Burma remains a mostly rural country, in which the majority of the population relies on small farms for their livelihoods. Regrettably, the rate of landless farmers has been on the rise for several years. The local inhabitants repeatedly suffer serious gross human rights abuses, including forced labor, environmental degradation, bodily terrorization and improper detention, and maltreatment of livings along with land confiscation. Their capacity to prevent these impacts is hindered by their lack of information on respective projects and legal barriers made by the authorities.[26]

The issue of land confiscation has been continued to be one of the largest problems the country has to address. The inflows of foreign investment, the liberalization of the market, and lack of rule of law including both proper legislation and self-determining courts, have resulted in land confiscation to an alarming degree. The peasants have realized that whether it is a military Junta or a quasi-military government under a guise of civilian government as long as the Tatmadaw influence is there they will have no mercy on them not mentioned fairness. Even the five million people appealing to the government to change the constitution does not move the government proves that there is no available democratic means to change this system. Hence the

quickest solution to this land grabbing problem is for the peasants to rise against the skirt (Longyi) and headdress (Gaung Baung) wearing military to be overthrown just like what the French done to their royalty in 1789. A well-coordinated the 2nd Saya San Peasant revolution is the quickest way for Burma to get rid of this vehemently hated Tatmadaw. So the NLD, 8888 generations, the ethnic nationalities including those in Diaspora should coordinate among themselves and make a concerted drive.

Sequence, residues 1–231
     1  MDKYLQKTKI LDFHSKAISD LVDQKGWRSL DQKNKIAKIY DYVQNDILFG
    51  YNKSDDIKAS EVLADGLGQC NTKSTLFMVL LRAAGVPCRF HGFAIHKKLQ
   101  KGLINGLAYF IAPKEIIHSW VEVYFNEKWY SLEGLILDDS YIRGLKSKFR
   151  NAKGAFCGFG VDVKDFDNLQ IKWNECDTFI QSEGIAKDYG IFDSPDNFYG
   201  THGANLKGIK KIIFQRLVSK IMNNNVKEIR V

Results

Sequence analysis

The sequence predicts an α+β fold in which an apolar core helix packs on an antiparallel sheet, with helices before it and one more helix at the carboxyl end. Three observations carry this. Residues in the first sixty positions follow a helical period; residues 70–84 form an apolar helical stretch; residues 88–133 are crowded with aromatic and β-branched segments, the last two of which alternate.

The author can be reached directly at bathannwin@gmail.com


[1]Maitrii, Aung-Thwin (June 2008). "Structuring revolt: communities of interpretation in the historiography of the Saya San rebellion". Journal of Southeast Asian Studies. 2 39: 297–317.
[2] Maung Maung (1980). Sangha to Laity: Nationalist Movements of Burma, 1920-194. Columbia, Mo: South Asia Books.
[3] Robert H. Taylor (2009). The State in Myanmar. University of Hawaii Press. ISBN 978-0-8248-3362-6.
[4] Clipson, Edmund Bede (2010). Constructing an Intelligence State: the Colonial Security Services in Burma, 1930-1942 (University of Exeter).
[5] D. G .E. Hall (2008). Burma. Hesperides Press. ISBN 978-1443725415
[6] John Cady (1958). A History of Modern Burma. Ithaca: Cornell University Press. ISBN 978-0801400599
[7] Boxer rebellion of 1900 was the Chinese peasant’s uprisings that attempted to drive the foreign influence out of China
[8] Enclopedia Britannica Saya San quote from Free Press
[9] Patricia Herbert (1982). The Saya San Rebellion (1930-1032) Reappraised, Melbourne: Centre of Southeast Asian Studies: Monash University
[10]McCartney; Brian, Land grabbing as big business in Burma Asia Times 8-3-2013
[11] Ibid
[12] McCarten; Brian,Land grabbing as big business in Burma Asia Times 8-3-2013
[13] Mann; Zarni. Farmers Across Burma Ask Thein Sein for Help Irrawaddy 27-6-2013
[14] Letter to US Prisident by IFBNC 11-5-2013
[15] Hudson Rodd:Nancy International Praise and Grassroots Reality 8-1-2-2012 in DVB
[16] Vrieze:Paul, Ethnic Activists Warn of Surge in Land Grabs After Ceasefires. Irrawaddy 9-5-2013
[17] Ibid
[18] Military to Return Some Confiscated Land Soon: MP Irrawaddy 8-7-2013
[19] McCarten; Brian,Land grabbing as big business in Burma Asia Times 8-3-2013
[20] They were also known as United in Slaughtering Depaeyin Participants as they were the first ones who make an attempt on the life of Daw Aung San Suu Kyi and its associates
[21] Weng; Lawi, Army MP Halts Talks on Military Land-Grabs in Burma’s Parliament Irrawaddy 16-8-2013
[22] Hindstrom; Hanna, Burma’s paradox of plenty in Open Democracy 16-8-201
[23] Mann; Zarni. Farmers Across Burma Ask Thein Sein for Help Irrawaddy 27-6-2013
[24] Watson;Roland, How to stop the Corporate Rape of Burma 29-9-2012 http://www.dictatorwatch.org/prstopcorps.html
[25] Ibid
[26] Lin; Zin, Failing land policy in Burma, OpEdNews Op Eds 2/14/2014